Business case for Wiki’s and blogs:

Wiki’s have been used for knowledge management systems in the past. As Wood, 2009 asks, “If I design and implement the use of a wiki to develop and maintain employee learning materials, will it result in reduced development time, less redundancy, increased transparency, and higher quality of materials”. Wood’s studies have found that the wiki assisted in the collaboration of members in his work force. Nine out of the 13 team members logged on to the wiki providing 2,374 total edits to the wiki itself. 

Shared reflections (Blogs) 

Blogs foster regular and timely personal communication and dialogue for a defined team, community or interest group. Blogs serves many purposes, from online diaries to corporate public relations. In many cases, a blog post serves more to initiate a conversation, held in public view, than as a discrete piece of communication from author to reader. In important respects, blogs (at least full-scale blogs with comments and trackbacks) are collaborative productions. Blogs will be used to solicit a “quick” response to a question or concern. Blogs have been used to document a project. For example: If a project cut over was to occur in the weekend, a Blog can document items that went wrong. An analyst that supports the project can then view the blogs to assist in troubleshooting the issue.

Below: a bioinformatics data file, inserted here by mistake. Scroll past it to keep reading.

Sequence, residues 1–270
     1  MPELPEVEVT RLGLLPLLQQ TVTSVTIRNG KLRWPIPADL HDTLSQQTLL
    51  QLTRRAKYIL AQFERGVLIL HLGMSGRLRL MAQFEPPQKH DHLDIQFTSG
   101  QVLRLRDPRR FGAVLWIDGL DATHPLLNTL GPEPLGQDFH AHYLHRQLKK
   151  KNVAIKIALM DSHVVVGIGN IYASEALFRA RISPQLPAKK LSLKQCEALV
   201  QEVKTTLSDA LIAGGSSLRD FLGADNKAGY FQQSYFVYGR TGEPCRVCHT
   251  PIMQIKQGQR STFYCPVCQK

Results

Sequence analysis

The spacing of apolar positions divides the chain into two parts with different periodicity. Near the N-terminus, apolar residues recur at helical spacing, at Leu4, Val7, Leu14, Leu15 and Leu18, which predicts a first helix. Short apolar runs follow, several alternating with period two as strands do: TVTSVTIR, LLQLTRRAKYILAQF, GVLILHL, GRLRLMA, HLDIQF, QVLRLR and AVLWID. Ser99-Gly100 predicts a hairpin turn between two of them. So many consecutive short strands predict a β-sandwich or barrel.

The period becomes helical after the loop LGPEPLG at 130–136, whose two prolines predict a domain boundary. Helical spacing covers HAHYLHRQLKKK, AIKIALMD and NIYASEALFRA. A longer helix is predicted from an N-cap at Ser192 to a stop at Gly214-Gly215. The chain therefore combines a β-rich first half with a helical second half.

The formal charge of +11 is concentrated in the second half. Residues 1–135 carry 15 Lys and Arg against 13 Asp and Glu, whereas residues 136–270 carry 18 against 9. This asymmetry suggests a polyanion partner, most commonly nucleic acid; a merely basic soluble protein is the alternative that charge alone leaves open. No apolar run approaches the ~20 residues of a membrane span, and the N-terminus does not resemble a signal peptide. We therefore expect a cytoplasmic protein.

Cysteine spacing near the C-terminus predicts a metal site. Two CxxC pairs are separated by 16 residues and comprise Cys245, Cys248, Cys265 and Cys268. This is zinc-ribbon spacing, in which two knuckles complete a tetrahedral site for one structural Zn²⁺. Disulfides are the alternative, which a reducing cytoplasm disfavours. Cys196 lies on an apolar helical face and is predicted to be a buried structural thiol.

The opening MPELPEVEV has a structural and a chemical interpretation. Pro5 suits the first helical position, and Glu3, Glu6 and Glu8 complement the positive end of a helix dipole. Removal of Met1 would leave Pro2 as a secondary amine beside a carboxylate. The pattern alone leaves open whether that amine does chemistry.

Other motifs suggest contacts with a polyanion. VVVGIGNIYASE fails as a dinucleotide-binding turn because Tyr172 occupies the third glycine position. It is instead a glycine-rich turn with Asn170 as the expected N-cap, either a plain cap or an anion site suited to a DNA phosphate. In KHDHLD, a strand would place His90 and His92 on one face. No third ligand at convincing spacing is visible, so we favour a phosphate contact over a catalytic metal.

Blogs entice people to write down what they know and to share it widely. A project blog or a department blog not only surfaces and shares knowledge, but it also makes the blogs searchable and archives it. And once a company gets used to internal blogs, it's only natural (if anything about a corporation can be said to be natural) to open up some blogs to trusted customers and partners, bringing them into the intellectual bloodstream of the organization (Quiggin, 2006).